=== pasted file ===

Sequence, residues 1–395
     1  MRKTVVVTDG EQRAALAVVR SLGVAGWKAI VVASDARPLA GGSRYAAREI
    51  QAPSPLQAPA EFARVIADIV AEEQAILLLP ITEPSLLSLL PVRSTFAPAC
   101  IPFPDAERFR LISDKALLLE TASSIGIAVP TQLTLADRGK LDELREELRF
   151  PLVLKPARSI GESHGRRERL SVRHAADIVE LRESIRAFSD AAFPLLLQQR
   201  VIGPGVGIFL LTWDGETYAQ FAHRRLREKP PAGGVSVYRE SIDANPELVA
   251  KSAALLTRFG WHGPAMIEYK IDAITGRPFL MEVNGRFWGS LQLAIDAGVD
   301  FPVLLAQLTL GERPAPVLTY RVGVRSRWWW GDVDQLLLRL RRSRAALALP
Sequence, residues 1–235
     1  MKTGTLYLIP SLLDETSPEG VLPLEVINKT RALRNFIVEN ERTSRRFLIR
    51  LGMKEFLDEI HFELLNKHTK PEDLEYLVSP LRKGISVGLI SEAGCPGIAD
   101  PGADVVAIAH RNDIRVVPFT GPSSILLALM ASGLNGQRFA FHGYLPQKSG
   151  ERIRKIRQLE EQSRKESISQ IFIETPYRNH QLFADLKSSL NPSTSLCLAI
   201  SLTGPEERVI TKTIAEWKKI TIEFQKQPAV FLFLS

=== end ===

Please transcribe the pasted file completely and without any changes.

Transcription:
Sequence, residues 1–395
     1  MRKTVVVTDG EQRAALAVVR SLGVAGWKAI VVASDARPLA GGSRYAAREI
    51  QAPSPLQAPA EFARVIADIV AEEQAILLLP ITEPSLLSLL PVRSTFAPAC
   101  IPFPDAERFR LISDKALLLE TASSIGIAVP TQLTLADRGK LDELREELRF
   151  PLVLKPARSI GESHGRRERL SVRHAADIVE LRESIRAFSD AAFPLLLQQR
   201  VIGPGVGIFL LTWDGETYAQ FAHRRLREKP PAGGVSVYRE SIDANPELVA
   251  KSAALLTRFG WHGPAMIEYK IDAITGRPFL MEVNGRFWGS LQLAIDAGVD
   301  FPVLLAQLTL GERPAPVLTY RVGVRSRWWW GDVDQLLLRL RRSRAALALP
Sequence, residues 1–235
     1  MKTGTLYLIP SLLDETSPEG VLPLEVINKT RALRNFIVEN ERTSRRFLIR
    51  LGMKEFLDEI HFELLNKHTK PEDLEYLVSP LRKGISVGLI SEAGCPGIAD
   101  PGADVVAIAH RNDIRVVPFT GPSSILLALM ASGLNGQRFA FHGYLPQKSG
   151  ERIRKIRQLE EQSRKESISQ IFIETPYRNH QLFADLKSSL NPSTSLCLAI
   201  SLTGPEERVI TKTIAEWKKI TIEFQKQPAV FLFLS